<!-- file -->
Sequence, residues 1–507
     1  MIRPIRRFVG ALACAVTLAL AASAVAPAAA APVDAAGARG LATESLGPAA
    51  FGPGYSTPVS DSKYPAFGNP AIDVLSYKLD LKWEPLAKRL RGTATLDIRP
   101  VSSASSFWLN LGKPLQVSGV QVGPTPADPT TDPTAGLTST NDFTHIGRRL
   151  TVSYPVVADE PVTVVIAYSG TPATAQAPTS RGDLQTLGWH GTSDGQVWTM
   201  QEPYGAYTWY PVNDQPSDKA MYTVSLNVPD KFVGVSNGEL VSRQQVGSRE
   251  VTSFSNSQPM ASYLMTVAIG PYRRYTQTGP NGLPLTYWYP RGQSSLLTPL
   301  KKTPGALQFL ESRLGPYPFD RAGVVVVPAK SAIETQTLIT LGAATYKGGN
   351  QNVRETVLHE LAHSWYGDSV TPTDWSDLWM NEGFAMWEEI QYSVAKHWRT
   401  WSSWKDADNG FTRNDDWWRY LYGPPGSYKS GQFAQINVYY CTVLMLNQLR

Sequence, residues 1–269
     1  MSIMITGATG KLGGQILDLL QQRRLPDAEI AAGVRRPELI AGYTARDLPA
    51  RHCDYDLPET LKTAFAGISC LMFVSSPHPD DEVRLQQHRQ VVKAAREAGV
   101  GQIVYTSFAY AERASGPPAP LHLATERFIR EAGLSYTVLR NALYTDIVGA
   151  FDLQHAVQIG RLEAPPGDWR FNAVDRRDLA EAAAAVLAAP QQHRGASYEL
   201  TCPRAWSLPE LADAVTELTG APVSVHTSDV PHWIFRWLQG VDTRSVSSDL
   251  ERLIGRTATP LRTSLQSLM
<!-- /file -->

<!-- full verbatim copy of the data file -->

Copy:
Sequence, residues 1–507
     1  MIRPIRRFVG ALACAVTLAL AASAVAPAAA APVDAAGARG LATESLGPAA
    51  FGPGYSTPVS DSKYPAFGNP AIDVLSYKLD LKWEPLAKRL RGTATLDIRP
   101  VSSASSFWLN LGKPLQVSGV QVGPTPADPT TDPTAGLTST NDFTHIGRRL
   151  TVSYPVVADE PVTVVIAYSG TPATAQAPTS RGDLQTLGWH GTSDGQVWTM
   201  QEPYGAYTWY PVNDQPSDKA MYTVSLNVPD KFVGVSNGEL VSRQQVGSRE
   251  VTSFSNSQPM ASYLMTVAIG PYRRYTQTGP NGLPLTYWYP RGQSSLLTPL
   301  KKTPGALQFL ESRLGPYPFD RAGVVVVPAK SAIETQTLIT LGAATYKGGN
   351  QNVRETVLHE LAHSWYGDSV TPTDWSDLWM NEGFAMWEEI QYSVAKHWRT
   401  WSSWKDADNG FTRNDDWWRY LYGPPGSYKS GQFAQINVYY CTVLMLNQLR

Sequence, residues 1–269
     1  MSIMITGATG KLGGQILDLL QQRRLPDAEI AAGVRRPELI AGYTARDLPA
    51  RHCDYDLPET LKTAFAGISC LMFVSSPHPD DEVRLQQHRQ VVKAAREAGV
   101  GQIVYTSFAY AERASGPPAP LHLATERFIR EAGLSYTVLR NALYTDIVGA
   151  FDLQHAVQIG RLEAPPGDWR FNAVDRRDLA EAAAAVLAAP QQHRGASYEL
   201  TCPRAWSLPE LADAVTELTG APVSVHTSDV PHWIFRWLQG VDTRSVSSDL
   251  ERLIGRTATP LRTSLQSLM